A Man on the Moon: The Voyages of the Apollo Astronauts by Andrew Chaikin. Just what it says on the cover! Based on interviews with the first astronauts, it tells the inspiring story of how America’s space program started and eventually put a man on the moon.



Team of Rivals: The Political Genius of Abraham Lincoln by Doris Kearns Goodwin. 2,800 Amazon reviews! And now wonder. Makes you long for such days and such men again.



It Doesn’t Take a Hero : The Autobiography of General H. Norman Schwarzkopf by Norman Schwarzkopf. For those of us who lived through the first Gulf War, this will bring back many memories but also give unique insight into the life and times of a true American hero.



10% Happier: How I Tamed the Voice in My Head, Reduced Stress Without Losing My Edge, and Found Self-Help That Actually Works–A True Story by Dan Harris. The hilarious and painful story of TV anchor Dan Harris’s pursuit of happiness. See my review here.



Thrive: The Third Metric to Redefining Success and Creating a Life of Well-Being, Wisdom, and Wonder by Arianna Huffington. Get’s a bit new-agey as it goes on, but the early chapters on the connection between sleep and human flourishing are enlightening and challenging. See my review here.


Check Out

Blogs

About those “20 Minutes of Action”: 20 Things We’d Better Tell Our Sons Right Now About Being Real Men | Ann Voskamp
“The culture of boys will be boys — means girls will be garbage and you were made for more than this, Son. ”

His students were struggling, so he ‘flipped’ his classroom. Then everything changed. | Robby Berman, Upworthy
“After 12 years as principal of Clintondale High School, Greg Green had a bad feeling: He knew his school was failing its students…”

The Weight of Glory: C. S. Lewis’s Remarkable (and Surprising) Sermon | Justin Taylor, TGC
Justin introduces the first post on the Evangelical history blog which is 75 Years Ago Tonight: C. S. Lewis Delivered a Sermon in Oxford on “The Weight of Glory”

10 Pointers for Preaching a Touchy Issue | Peter Mead, Biblical Preaching
“Sometimes we have to preach something that is potentially controversial or that may not go down too well.  Here are ten pointers to help when that is necessary.”

Russell Moore to Justice Conference: Don’t be Silent on Unborn, Sexuality, and Hell | Chelsen Vicari, Juicy Ecumenism
“During his twenty-eight minute discussion, Moore boldly laid out what it looks like to be a Gospel-centered social justice warrior. He tackled issues ranging from racial injustice, human trafficking, and refugees. But it was his mention of the sanctity of unborn life, sexual ethics, and the reality of Hell that had some in the room squirming uncomfortably in their seats.”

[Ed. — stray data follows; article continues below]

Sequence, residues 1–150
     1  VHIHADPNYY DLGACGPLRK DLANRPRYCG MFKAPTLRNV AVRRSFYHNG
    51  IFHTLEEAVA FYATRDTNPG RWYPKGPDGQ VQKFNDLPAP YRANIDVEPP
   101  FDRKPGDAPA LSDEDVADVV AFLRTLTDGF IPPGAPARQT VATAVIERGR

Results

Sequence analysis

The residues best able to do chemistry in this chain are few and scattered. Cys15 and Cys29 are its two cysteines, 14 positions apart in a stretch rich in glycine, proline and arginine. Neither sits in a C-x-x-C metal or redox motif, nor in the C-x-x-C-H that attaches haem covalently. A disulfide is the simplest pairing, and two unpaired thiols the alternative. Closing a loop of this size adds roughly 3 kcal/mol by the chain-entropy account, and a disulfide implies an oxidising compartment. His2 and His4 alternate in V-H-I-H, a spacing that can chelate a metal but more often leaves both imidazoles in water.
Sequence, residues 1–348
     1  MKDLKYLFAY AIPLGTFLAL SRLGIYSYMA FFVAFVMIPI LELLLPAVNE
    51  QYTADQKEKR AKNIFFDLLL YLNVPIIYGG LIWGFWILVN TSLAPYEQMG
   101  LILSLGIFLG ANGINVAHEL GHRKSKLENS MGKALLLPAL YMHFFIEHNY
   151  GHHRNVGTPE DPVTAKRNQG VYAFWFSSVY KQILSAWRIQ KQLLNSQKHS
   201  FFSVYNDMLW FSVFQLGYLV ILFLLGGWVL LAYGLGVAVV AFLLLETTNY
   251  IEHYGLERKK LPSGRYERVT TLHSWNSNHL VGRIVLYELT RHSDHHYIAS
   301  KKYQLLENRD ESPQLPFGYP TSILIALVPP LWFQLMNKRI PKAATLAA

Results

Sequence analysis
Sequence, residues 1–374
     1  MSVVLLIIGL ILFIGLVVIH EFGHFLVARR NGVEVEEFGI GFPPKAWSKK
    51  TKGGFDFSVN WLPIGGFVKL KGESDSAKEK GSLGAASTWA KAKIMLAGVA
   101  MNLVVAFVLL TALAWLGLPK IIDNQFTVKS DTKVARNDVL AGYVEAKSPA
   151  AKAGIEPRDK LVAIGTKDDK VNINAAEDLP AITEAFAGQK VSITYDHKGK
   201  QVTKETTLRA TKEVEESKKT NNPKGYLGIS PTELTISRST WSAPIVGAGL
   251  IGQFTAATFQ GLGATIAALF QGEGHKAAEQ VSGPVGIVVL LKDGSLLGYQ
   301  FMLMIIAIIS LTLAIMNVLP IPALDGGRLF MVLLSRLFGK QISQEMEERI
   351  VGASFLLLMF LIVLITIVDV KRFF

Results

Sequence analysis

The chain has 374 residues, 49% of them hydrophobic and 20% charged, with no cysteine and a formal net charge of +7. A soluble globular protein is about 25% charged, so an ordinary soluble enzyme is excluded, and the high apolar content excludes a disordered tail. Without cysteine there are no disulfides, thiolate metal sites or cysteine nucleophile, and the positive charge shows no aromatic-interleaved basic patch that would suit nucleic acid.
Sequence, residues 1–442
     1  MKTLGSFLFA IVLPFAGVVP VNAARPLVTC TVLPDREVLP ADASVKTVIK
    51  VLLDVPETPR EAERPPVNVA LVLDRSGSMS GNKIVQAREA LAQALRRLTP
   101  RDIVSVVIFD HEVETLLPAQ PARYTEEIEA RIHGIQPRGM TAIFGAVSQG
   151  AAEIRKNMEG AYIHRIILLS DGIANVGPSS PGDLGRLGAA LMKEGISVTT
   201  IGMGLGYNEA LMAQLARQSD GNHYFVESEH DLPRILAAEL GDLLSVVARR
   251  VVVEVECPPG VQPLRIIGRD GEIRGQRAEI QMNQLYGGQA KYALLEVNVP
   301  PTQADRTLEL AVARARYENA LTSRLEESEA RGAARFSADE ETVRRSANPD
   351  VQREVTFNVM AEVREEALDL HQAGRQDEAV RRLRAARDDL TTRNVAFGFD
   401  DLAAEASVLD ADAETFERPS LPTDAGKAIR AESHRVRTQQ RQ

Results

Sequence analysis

Christian Funerals Can Be Too Happy | Constantine Campbell, Desiring God
“Sometimes our Christian funerals are too happy. Yes, we believe our loved one is with Jesus. Yes, we believe that he or she will rise again. We do not grieve as those without hope. But we still grieve. If Jesus weeps for Lazarus, who he knows will not stay dead for long, it is appropriate that we weep for those who have died. They are with Jesus, but we will not see them again in this life. We will not speak with them or embrace them again here. It is right to grieve — with hope, yes — but still grieve.”

Why Go to Church? 50+ Things You Miss Out On By Not Attending Church | Kevin Halloran
“According to recent Pew Research data, only 35% of American Christians consider attending religious services as an essential part of their faith. Only 28% listed ‘helping out in your congregation’ as essential. The majority of self-proclaimed Christians do not know how to answer the question, ‘Why go to church?’”

Kindle Books

For your non-Kindle book buying needs please consider using Reformation Heritage Books in the USA and Reformed Book Services in Canada. Good value prices and shipping.


Enola Gay: Mission to Hiroshima by Gordon Thomas and Max Morgan-Witts ($1.99)


Getting Things Done with Evernote by Daniel LeFebvre ($2.51)


Effortless Reading: The Simple Way to Read and Guarantee Remarkable Results by Vu Tran ($2.99)


The Conviction to Lead: 25 Principles for Leadership That Matters by Albert Mohler ($2.99)


The Marrow of Modern Divinity by Edward Fisher ($4.99). Vital companion to Sinclair Ferguson’s The Whole Christ.

New Book

Pulpit

Pulpit Aflame: Essays in Honor of Steve Lawson edited by Joel R. Beeke and Dustin W. Benge. See video below

Video

Pulpit Aflame: Essays in Honor of Steve Lawson


What are the Qualifications of a Youth Group Leader?

I was recently asked about the kind of qualifications a church should be looking for in a youth group leader. In this case it  was a church looking for a man from within the congregation to fill a volunteer post. Here’s my short answer of non-negotiables.


Converted: He must be born again and love Christ.

Knowledgeable: Formal qualifications like MDiv or even a Bible College degree are not required. But he should have a good knowledge of the Bible and of doctrine. If it’s a confessional church, he should be able to commit to the confession.